- Census variability. Too often, we look at census averages and although this is useful, it doesn’t tell the whole story. For example, last Monday, we had 109 medical/surgical beds occupied and by Thursday we had 140 – that is a 31-patient swing in just 3 days. This means that the hospitalist services all had more patients per hospitalist on Thursday than they did on Monday. So, if your hospitalist census averages 15 patients per physician but the census fluctuates between 8 and 25, there are going to be days that the hospitalists will have a hard time safely caring for those higher numbers of patients. If there is not a surge plan to bring in “risk call” hospitalists on those high census days, you may need to settle for a lower average daily census per hospitalist in order to accommodate those unpredictable days when the hospital census is usually high.
- RVU productivity. This is also a tricky metric because it does not capture all of the work done by a single hospitalist but at least it gives you a ballpark comparative to determine if your hospitalist program as a whole is meeting productivity benchmarks. The MGMA reports that the median total RVUs generated by a hospitalist is 5,900 and the work RVUs are 4,100. These numbers are affected by day versus night shift and other variables.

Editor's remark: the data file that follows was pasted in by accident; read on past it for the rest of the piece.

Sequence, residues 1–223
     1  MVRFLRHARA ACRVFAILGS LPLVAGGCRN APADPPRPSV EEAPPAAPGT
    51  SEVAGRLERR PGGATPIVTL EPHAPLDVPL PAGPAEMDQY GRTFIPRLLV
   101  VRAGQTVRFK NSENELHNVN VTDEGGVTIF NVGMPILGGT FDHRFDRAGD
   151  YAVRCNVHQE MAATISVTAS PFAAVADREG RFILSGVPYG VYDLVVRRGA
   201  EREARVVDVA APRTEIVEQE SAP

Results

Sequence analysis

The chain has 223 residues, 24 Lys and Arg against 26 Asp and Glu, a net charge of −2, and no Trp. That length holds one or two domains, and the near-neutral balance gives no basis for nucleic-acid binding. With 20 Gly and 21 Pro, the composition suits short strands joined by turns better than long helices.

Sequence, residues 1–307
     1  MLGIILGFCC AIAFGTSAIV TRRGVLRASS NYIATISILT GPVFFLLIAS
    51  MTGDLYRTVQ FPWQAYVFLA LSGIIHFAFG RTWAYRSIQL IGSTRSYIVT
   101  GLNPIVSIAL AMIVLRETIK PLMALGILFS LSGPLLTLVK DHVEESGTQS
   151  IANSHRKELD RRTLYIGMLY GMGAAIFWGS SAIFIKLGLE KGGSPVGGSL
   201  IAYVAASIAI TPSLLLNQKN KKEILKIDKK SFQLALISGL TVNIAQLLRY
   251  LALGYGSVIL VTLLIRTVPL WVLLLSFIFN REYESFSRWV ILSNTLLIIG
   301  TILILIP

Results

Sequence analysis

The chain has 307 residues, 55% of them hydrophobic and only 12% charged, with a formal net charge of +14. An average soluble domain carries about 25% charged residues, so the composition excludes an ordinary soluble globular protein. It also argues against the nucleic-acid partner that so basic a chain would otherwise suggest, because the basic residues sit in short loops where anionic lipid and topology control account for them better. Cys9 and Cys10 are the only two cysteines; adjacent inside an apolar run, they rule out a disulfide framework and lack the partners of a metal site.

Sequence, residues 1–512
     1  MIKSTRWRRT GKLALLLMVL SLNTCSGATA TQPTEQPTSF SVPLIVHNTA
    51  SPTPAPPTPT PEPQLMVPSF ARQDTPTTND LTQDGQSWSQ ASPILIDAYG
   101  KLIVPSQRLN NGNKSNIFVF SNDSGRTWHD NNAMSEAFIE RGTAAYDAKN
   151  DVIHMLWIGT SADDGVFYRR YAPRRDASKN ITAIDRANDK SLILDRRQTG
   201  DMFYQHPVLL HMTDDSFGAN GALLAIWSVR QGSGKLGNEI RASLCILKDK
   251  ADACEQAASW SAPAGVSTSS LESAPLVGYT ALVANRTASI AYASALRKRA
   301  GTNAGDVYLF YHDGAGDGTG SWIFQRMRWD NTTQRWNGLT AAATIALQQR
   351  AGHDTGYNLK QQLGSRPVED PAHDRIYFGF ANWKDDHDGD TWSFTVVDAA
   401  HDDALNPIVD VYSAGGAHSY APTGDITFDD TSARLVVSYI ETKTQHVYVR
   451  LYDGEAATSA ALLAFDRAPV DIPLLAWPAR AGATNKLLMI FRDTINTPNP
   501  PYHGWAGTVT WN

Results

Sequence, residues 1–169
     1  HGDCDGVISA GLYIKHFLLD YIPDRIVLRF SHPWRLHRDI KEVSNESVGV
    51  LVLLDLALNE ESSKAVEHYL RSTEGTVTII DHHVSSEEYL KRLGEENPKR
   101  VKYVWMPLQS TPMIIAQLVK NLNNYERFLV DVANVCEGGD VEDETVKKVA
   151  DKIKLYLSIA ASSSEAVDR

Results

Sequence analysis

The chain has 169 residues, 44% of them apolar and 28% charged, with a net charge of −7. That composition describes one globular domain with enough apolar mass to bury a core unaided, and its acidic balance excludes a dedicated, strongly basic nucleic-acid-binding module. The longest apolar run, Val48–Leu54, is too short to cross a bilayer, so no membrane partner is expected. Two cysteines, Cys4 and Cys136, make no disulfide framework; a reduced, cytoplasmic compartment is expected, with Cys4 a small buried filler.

- Robustness of case management. Case management has to happen whether or not a hospital has case managers. A hospitalist who has to do a lot of the discharge planning because of a lack of case managers cannot see as many patients per day.
- The local market. If your town has several competing hospitals, then each hospital will be competing with the others for hospitalist and if the hospital down the street has an expectation of 15 patients per day and your hospital’s expectation for the same patient population is 20 patients per day, then you are going to lose valuable hospitalists.
- The patient demographic. If your hospital mainly sees patients with good commercial insurance and good primary care providers, then it is easier for the hospitalist to focus on the acute problem that brings the patient into the hospital and it is easier to make discharge arrangements. On the other hand, if you have a high percentage of uninsured or Medicaid patients, then the hospitalist taking care of a patient with pneumonia is likely going to also be spending time tuning up that patients diabetes, heart failure, or hypertension since the only time the patient sees a doctor each year is when he/she is in the hospital.
So what does a medical director or hospital CEO do? I recommend starting with an assumption of 15-18 patients per hospitalist and then working up or down from that number based on the unique features of your own hospital, community, and hospitalist program structure by taking into account the variables I mention above.
August 13, 2016